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Acta Anaesthesiol Scand Suppl. 1990;92:6-15; discussion 47.

Pharmacology of Dormicum (midazolam) and Anexate (flumazenil).

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  • 1Clinical Research Department, F. Hoffmann-La Roche Ltd., Basle, Switzerland.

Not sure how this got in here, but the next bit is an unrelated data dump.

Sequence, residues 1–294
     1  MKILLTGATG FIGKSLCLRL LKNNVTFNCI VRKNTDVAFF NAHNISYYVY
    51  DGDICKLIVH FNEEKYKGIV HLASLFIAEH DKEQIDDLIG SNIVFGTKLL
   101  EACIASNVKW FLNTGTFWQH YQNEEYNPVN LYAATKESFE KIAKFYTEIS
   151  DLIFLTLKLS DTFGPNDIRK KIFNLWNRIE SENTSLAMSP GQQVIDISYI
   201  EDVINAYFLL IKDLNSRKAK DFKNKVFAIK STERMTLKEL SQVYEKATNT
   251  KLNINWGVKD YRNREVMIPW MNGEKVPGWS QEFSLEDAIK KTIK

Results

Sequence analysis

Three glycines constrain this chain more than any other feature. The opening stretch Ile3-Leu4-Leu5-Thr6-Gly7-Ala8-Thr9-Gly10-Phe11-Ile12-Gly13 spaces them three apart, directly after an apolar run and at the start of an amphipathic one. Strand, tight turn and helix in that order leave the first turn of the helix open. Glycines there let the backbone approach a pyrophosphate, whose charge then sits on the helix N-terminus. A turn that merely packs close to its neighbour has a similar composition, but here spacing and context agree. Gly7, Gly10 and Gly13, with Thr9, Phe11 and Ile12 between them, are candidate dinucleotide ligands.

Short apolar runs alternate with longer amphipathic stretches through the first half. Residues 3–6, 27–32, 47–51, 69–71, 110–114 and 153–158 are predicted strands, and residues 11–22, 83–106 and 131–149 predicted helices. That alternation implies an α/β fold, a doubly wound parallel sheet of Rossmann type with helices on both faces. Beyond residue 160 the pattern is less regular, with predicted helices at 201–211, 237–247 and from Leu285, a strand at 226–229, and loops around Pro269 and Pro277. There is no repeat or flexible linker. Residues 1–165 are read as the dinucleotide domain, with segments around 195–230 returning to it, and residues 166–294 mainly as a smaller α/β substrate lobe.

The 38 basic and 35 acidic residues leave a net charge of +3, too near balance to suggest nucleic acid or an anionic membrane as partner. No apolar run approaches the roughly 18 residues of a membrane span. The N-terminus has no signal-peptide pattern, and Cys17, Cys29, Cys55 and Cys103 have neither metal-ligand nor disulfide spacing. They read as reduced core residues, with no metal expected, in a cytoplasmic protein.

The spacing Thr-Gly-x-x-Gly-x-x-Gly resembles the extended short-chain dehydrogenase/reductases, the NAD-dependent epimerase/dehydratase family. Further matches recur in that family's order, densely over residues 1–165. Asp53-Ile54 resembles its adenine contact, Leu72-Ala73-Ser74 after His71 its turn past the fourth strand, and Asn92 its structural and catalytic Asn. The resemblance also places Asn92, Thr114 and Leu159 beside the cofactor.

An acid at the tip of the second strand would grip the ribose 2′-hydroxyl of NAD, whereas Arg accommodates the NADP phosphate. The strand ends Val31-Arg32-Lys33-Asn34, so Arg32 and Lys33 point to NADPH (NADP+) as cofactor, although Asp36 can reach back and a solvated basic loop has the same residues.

Midazolam and flumazenil have some characteristics in common which make them suitable partners as benzodiazepine (BZD) agonist and antagonist. After intravenous (i.v.) administration, both drugs are rapidly distributed into similar distribution volumes, from which they are cleared with a comparable short elimination half-life (t1/2 beta) in the range of 1 h (flumazenil) to 3 h (midazolam). Both drugs undergo hepatic metabolisation with a relatively high hepatic extraction ratio of around 0.3 for midazolam and 0.6 for flumazenil. The metabolisation of midazolam and flumazenil may equally be affected by considerable loss of active liver cells or by temporarily reduced hepatic blood flow. In such a case, elimination of both drugs may be prolonged in the same way. Flumazenil has only an inactive metabolite. The main active alpha-hydroxy-metabolite of midazolam does not contribute much to the activity of midazolam after parenteral administration. Its potency is lower than that of midazolam and its shorter elimination half-life (0.8 h) does not prolong the activity of the parent drug. As indicated by the therapeutic index, both drugs have a very high safety margin, which is considerably higher than that of thiopentone or propofol. Only low doses of both drugs are necessary to produce initial effects. Increasing doses intensify the drug activity and a ceiling effect is observed after maximal doses of midazolam and flumazenil. The onset of effect immediately follows the diffusion of the substances into the CNS and can be observed within the first minutes following flumazenil or midazolam administration.(ABSTRACT TRUNCATED AT 250 WORDS)

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